Sales of existing single-family homes in North Texas fell in March for the 10th straight month compared with a year ago, and for the first time in several months the median home price also declined.
Area home builders are also starting construction on fewer single-family homes since a federal home-buying tax credit expired.
Homes sales were down 15 percent from March 2010, the Texas A&M Real Estate Center said Thursday. Sales for the first three months of the year were down 13 percent compared with the first quarter 2010, figures show.
The median home price dropped 2 percent last month, to $140,000. Half of all homes cost more than the median, and half cost less.
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Also Thursday, CoreLogic, a real estate research firm, said its February Home Price Index showed U.S. home prices declining for the seventh month in a row, dropping 6.7 percent from a year earlier. In Tarrant County, home prices dropped 3.8 percent in February from a year earlier, CoreLogic said.
Market experts had expected homes sales to be down in March because the data is being compared to a month last year when the federal tax break was still being offered to first-time home buyers. Experts don't expect home sales to start inching back up until later this year.
In March, 5,286 existing homes were sold in the 29-county North Texas region. The Real Estate Center compiles data from the industry-run North Texas Real Estate Information Systems.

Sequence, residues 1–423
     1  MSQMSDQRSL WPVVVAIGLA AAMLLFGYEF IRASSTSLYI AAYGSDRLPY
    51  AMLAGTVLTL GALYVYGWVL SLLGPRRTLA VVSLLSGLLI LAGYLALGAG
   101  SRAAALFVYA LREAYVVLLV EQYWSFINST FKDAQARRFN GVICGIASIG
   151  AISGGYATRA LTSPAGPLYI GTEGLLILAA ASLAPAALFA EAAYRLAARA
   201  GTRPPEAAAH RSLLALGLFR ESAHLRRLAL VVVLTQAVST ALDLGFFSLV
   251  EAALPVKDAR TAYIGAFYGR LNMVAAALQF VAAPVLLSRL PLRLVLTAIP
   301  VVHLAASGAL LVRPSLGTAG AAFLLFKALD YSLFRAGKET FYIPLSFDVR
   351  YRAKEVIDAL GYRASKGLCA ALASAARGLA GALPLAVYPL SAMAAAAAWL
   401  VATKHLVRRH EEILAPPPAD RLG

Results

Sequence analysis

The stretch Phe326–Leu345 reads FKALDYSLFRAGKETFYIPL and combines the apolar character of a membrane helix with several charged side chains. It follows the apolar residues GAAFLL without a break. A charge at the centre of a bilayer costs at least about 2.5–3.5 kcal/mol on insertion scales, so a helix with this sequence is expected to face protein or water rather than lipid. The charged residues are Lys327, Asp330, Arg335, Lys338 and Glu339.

Among Tarrant area markets, excluding the small downtown market, sales of existing homes fell the most in south Fort Worth/Forest Hill, where they declined 73 percent. Roanoke led markets showing sales increases, rising 58 percent.
Housing starts in Dallas-Fort Worth were also down for the first quarter, according to Dallas-based Residential Strategies. Between January and March, builders started construction on 3,219 homes, 22.2 percent fewer than in the same quarter of 2010, the company said Thursday.
"Home construction activity was artificially inflated a year ago due to the housing tax credit," said Ted Wilson, principal with Residential Strategies. "Despite the decline, we believe that the market is currently moving in a positive, sustainable direction stemming from stronger economic and employment growth."
Construction starts peaked in the second quarter of 2010 at 4,487, figures show. Most of the decline since came in homes priced under $200,000, the price range generally sought by first-time home buyers, Residential Strategies said.
"Several buyers bought ahead of their normal purchasing cycle when the tax credit became available," Wilson said. Closings of sales of new homes also declined during the quarter, falling 5.1 percent, to 3,190.
In Tarrant County, the supply of new homes declined 22 percent, to 2,674 homes at the end of the first quarter, compared with 3,442 homes at the end of the first quarter in 2010, Residential Strategies said.